Now, they’re just there and will subconsciously affect the decisions of everyone, not just those that want to be influenced. The rich get richer, and it’s even more so with this new system. Arguably, this isn’t the biggest deal, but that would frankly be why I put it at the very end.

Well…that was quite a lot of stuff. For those of you able to make it through all of that information, congratulations. At the end of the day, most of this stuff is based on my perception, and I likely don’t know the full story (although am I really asking for much?). For example, I don’t know how they really approached seeding because it isn’t shown like the first tourney. Let me know if I missed anything…hope you didn’t find this too boring. And finally, good luck to anyone still in the tourney!

12 thoughts on “Aniblog Tourney Thoughts”

  1. Seeding: The seeds are based mainly on age and previous tourney score. We did outline that in the very first post. The reasoning was that older blogs have had plenty of time to advertise themselves so don’t need to participate in more rounds. As for why it seemed all over the place for the first round, very few blogs have many readers at all. Hence the blogs in the first round are near impossible to accurately predict who will beat who because they’re all so young (although I really should have just stuck Metanorn in the second round). Also I don’t get why people seem to want total accuracy with seeding. Is it really more interesting if all the seeds are exactly right? That ends with all the higher seeds automatically winning their matches against the lower seeds, which kills all tension. So long as it’s roughly correct, why do people care?

    Top vs bottom: I see that logic. Interestingly though, the blogs on top are always the ones that were originally seeded higher, so that higher percentage would be expected anyway.

    Too short polls: Last time the polls were open for a full week, but nearly all the votes came in the first 48 hours and remaining open for longer did next to nothing. Also the tourney ran for too long, so the long breaks as we waited for every match to end killed a lot of interest for people. Although I suppose the really long break we hadwhile we waited to get the new polling system killed interest anyway.

    Ignoring the rules: There were 160 blogs, and by my count there was a grand total of one that was a translation site that we didn’t pick up on, which got knocked out in its first match. Oh dear, the tourney is ruined -_-

    Voting system: Actually you were able to see the results if you clicked the ‘view results’ before you voted, although I get the psychological difference of not being instantly greeted with that.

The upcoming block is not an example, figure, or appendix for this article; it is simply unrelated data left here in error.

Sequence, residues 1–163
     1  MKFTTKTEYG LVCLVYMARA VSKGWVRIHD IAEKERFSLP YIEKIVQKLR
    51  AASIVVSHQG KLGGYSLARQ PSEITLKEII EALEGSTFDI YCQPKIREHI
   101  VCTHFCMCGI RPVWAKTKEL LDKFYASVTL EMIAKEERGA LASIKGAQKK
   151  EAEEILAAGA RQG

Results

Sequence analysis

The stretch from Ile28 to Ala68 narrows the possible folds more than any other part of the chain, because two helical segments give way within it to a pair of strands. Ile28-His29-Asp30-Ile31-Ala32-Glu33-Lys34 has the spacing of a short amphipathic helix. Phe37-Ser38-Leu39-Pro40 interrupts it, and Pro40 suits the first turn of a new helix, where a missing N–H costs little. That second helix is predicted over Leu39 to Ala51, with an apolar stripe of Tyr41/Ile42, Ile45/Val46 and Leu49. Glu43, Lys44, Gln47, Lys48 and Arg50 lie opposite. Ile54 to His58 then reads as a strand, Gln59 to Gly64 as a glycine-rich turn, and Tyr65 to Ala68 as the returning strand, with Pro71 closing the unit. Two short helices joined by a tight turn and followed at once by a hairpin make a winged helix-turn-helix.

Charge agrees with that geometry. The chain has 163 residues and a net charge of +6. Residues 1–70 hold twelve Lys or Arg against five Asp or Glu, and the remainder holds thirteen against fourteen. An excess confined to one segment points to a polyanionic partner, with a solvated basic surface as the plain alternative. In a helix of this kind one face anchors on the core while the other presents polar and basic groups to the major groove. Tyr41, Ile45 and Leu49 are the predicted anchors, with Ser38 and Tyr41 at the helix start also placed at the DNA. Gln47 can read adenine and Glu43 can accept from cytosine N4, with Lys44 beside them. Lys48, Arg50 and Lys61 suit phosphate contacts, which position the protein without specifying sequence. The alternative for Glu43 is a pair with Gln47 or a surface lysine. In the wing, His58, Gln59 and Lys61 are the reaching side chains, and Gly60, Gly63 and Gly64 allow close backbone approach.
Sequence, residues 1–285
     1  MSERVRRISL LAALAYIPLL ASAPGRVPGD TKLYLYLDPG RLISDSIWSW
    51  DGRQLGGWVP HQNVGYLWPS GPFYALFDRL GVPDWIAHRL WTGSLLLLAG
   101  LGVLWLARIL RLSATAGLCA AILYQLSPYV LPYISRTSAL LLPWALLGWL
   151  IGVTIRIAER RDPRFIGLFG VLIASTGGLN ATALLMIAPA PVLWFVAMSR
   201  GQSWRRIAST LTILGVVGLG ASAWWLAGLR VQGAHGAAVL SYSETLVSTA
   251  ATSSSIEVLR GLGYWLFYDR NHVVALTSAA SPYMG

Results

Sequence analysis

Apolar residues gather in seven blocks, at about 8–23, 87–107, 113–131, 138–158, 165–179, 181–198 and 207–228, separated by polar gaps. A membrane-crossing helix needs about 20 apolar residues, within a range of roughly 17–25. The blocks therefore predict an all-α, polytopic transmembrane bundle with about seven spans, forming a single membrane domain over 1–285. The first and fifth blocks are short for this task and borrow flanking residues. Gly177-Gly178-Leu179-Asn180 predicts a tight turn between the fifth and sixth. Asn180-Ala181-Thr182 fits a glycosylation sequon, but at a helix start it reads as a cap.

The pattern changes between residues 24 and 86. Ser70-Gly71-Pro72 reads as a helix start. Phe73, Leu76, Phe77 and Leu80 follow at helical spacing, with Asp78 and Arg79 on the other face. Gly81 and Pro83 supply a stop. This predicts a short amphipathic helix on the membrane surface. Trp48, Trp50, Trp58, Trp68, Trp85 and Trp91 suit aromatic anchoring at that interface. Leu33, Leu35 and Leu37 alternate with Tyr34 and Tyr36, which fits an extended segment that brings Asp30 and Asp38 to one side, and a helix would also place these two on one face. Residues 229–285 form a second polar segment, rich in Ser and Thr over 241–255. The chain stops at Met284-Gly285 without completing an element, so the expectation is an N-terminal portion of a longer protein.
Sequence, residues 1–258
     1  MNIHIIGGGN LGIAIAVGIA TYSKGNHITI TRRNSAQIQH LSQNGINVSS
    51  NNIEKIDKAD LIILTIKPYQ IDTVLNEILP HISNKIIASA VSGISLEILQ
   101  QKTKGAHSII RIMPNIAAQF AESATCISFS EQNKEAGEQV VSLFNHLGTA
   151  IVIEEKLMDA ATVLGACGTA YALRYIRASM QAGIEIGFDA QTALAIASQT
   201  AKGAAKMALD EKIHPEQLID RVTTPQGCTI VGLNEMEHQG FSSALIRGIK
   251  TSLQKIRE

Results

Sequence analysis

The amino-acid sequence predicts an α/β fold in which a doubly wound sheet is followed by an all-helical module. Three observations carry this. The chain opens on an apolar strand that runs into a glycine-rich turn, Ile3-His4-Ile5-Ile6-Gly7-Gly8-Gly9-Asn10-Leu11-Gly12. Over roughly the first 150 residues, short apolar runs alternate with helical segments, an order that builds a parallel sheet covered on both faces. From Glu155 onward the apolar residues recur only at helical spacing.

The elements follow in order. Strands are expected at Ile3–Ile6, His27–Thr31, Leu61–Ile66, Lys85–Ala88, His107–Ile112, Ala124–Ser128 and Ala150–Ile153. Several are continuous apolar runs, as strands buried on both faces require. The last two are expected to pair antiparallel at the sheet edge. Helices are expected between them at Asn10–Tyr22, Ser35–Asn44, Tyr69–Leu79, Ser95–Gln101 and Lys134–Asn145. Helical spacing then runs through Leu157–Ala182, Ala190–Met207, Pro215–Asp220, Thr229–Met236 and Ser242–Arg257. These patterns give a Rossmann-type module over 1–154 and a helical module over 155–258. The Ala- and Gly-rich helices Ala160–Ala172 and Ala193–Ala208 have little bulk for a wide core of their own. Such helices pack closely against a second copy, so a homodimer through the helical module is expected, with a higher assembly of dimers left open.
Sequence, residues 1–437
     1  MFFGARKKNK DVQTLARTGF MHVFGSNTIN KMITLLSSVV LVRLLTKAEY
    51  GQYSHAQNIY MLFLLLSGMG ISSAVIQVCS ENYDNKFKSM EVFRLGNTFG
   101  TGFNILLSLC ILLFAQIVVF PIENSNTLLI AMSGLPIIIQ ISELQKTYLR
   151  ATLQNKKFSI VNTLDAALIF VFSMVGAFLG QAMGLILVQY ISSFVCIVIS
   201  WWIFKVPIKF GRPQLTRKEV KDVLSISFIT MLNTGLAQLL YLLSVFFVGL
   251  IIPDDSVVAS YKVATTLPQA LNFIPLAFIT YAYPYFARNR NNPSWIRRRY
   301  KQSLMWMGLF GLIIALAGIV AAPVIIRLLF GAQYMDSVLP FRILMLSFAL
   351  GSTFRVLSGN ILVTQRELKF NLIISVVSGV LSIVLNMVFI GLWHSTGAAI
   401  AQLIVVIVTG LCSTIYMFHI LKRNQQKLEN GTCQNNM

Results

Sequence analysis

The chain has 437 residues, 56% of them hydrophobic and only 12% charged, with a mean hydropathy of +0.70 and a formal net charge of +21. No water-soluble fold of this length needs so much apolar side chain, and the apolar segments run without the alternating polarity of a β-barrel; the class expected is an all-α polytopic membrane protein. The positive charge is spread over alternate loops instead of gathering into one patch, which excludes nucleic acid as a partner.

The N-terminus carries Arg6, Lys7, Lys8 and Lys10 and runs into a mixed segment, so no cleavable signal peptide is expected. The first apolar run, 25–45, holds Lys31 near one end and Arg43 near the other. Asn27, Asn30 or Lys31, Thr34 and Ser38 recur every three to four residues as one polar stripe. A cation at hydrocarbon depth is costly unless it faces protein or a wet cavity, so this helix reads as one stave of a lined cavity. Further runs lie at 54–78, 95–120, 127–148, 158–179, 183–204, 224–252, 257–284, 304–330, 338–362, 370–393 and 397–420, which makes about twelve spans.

Hope that answered some of your questions


    1. Seeding: That’s sorta how a first round is supposed to be, though. A way to thin out the lower seeds. Sure, there are some times when the lower seed manages to make a comeback, which can be exciting, but “lacking tension” simply sounds like a crude justification.

      Too short polls: Could more matches be put into each week? I feel like that might help. Four blogs in two days seem easy to ignore, but something like ten blogs in a week seems to be fine.

      Ignoring the rules: Well, now that I know that it wasn’t intentional, it kinda goes with my point that more effort should be put into something with such a large scale. Just seems careless.

      Voting system: Like I tried to explain, in the earlier system, those who wanted to affect their results were given the opportunity to do so, while in the current system, everyone will automatically be influenced even if they don’t wish it to be so.


      1. We did use seeding though, including counting comments as D_S suggested below. We just didn’t publish the results, because we figured it didn’t matter. We didn’t publish the results last year either.

        I don’t know what you mean by ‘more matches in one week’. There were new polls up every day last time. 2 polls per day with 4 blogs on display. If we had used that same method this time it would have taken about 5 months to complete with the increased number of blogs competing. Last time people complained about the tourney being too long and was missing a bunch of blogs, so we included more blogs and shortened the time frame with each match. This time people complain about the total opposite. Perhaps you can understand my frustration here.

        As for ‘effort’, it’s one blog out of 160 we mistakingly thought passed. Please don’t say I needed more ‘effort’ put in because of one mistake